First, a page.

Hydropower and the Environmental Balance
As mentioned, dams that are part a hydroelectric project also help control flooding. And by using this renewable resource, up to 249 tons of carbon dioxide is not released into the earth’s atmosphere each year because fossil fuels like oil and coal are not burned to generate electricity. Because the release of carbon dioxide contributes to environmental concerns related to ozone and global warming, hydropower represents an important environmental benefit in this regard.
Hydroelectric projects, like any energy resource, do have environmental impacts. In the Northwest, the most serious concerns often relate to fish passage. The 1992 listing of sockeye salmon and three other stocks of chinook salmon (spring, summer and fall) as endangered species intensified historic and continuing debates over restoring fish runs. Releasing water to speed up downstream fish migration has been one of many measures taken to preserve fish runs. In 1994, for instance, nearly 11 million acre feet of water was made available to help juvenile salmon and steelhead migrate downstream.
Measures such as water releases, however, are being taken within the context of scientific inquiry and research that is the subject of much debate. For these reasons, the hydro industry and others continue to explore and implement several mitigation strategies that address hatchery, habitat, harvesting, and hydro operation practices. Examples of such strategies include fish screens, surface collection and bypass systems, fish ladders, strobe lights, the catching of squawfish that prey on juvenile salmon, and new turbine designs. In fact, since the 1980s over 2 billion dollars has been spent on salmon recovery measures by Northwest ratepayers. As these efforts continue, scientific inquiry and research findings will continue to play a central role in guiding efforts.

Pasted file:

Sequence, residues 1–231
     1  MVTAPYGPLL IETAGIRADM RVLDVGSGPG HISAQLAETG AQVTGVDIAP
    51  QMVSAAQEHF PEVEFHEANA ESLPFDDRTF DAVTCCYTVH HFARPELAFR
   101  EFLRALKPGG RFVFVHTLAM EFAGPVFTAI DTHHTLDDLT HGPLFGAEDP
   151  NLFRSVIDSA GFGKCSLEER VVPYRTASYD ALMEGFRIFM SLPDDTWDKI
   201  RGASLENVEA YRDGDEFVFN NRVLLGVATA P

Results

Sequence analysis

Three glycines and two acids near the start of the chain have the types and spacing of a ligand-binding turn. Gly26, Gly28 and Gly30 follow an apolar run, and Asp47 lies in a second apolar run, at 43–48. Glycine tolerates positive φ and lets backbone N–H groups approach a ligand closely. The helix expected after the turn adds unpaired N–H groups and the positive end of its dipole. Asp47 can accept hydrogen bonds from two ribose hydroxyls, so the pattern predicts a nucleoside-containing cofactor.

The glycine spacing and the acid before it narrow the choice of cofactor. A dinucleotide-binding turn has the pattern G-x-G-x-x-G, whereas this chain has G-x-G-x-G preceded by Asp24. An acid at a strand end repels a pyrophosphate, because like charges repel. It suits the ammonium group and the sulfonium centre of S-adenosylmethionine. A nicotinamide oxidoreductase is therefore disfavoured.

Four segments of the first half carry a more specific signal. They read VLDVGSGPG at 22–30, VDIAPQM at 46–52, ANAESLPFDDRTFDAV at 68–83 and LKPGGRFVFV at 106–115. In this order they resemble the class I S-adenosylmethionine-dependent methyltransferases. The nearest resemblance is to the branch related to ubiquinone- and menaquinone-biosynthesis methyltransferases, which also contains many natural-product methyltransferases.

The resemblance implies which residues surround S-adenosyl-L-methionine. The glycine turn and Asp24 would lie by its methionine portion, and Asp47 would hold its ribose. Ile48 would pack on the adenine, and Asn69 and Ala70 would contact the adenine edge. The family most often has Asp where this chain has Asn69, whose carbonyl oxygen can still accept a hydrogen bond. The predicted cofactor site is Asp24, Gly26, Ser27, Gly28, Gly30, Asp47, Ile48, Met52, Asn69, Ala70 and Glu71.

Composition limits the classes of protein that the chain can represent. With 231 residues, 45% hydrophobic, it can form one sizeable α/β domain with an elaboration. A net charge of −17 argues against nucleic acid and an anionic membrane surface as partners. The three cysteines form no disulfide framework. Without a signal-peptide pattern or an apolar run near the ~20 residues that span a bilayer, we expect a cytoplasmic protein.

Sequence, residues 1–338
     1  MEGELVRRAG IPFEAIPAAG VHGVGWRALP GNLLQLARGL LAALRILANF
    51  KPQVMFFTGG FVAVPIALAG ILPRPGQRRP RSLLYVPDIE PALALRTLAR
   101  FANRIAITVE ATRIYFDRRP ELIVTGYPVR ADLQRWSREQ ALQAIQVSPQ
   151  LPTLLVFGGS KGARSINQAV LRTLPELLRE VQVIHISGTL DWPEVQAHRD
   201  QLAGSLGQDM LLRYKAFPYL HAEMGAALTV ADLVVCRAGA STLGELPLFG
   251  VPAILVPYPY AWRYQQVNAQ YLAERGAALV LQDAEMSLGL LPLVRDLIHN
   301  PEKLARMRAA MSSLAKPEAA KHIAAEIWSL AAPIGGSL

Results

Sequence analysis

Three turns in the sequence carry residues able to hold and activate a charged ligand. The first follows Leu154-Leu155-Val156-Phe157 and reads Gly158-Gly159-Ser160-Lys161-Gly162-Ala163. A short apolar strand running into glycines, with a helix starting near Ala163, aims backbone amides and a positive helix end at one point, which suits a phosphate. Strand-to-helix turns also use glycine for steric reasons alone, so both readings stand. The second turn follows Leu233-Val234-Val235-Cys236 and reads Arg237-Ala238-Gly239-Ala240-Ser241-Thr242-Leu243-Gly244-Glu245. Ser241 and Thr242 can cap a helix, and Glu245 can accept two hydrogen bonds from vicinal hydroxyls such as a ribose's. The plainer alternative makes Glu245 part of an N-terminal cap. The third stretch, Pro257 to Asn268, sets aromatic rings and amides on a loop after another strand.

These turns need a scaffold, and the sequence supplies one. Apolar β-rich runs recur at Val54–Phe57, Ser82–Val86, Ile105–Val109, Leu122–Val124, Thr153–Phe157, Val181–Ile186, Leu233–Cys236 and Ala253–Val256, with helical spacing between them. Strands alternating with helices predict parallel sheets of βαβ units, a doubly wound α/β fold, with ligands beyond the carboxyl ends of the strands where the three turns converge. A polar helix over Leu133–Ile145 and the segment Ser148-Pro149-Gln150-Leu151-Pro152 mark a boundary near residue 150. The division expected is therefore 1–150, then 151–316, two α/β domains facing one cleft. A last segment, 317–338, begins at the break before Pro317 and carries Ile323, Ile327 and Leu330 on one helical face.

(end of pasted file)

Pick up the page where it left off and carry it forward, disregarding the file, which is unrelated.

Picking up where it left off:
The hydroelectric industry, however, cannot address environmental issues— e.g., fish migration or preserving wildlife habitats, in isolation from other industries and individuals that use the rivers. Every action and every user of a river is part of the overall balance. As a result, any search for balance that considers the Northwest’s interests as a whole also needs to calculate and mitigate the effects of multiple impacts. Examples include irrigation, timber, mining and the building of homes and industries near the river system. In the case of salmon, for instance, ocean fishing that captures salmon returning to the river system is part of the overall balance.
Voices In The Development or Maintenance of Hydropower
Most hydroelectric projects across the United States are licensed by the Federal Energy Regulatory Commission (FERC). Many of these licenses, which are required to operate a hydroelectric project, are coming up for renewal during the next ten years. A central piece of receiving a new license is to examine environmental impacts and include the public in both reviewing and considering mitigation and enhancement strategies regarding these impacts. For anyone interested in the river system, becoming informed and heard in these debates is vitally important.
The process for being heard, however, extends well beyond engaging with those who generate hydropower and FERC. Numerous federal and state agencies can become involved in the process. Examples include the National Marine Fisheries Service, U.S. Fish and Wildlife Service, National Parks Service, the Environmental Protection Agency, state fish and wildlife agencies, state water resource agencies and the state agency with Clean Water Act authority. Beyond this crisscrossing of government authority are many tribal governments and non-profit groups with significant interests and concerns. Examples of non-profit groups include American Rivers, the Sierra Club, Trout Unlimited, fishing and hunting associations, and boating groups.
With so many interests participating, and because the issues being addressed are often quite complex, the relicensing process often takes between five to ten years to complete. Regardless of length, becoming an early and informed participant is of benefit to all.
The Nature of Water Power curriculum enables students to begin the process of becoming participants in these very important water and energy issues.
For additional information about the Nature of Water Power or other materials available from FWEE, call (509) 535-7084 or email us.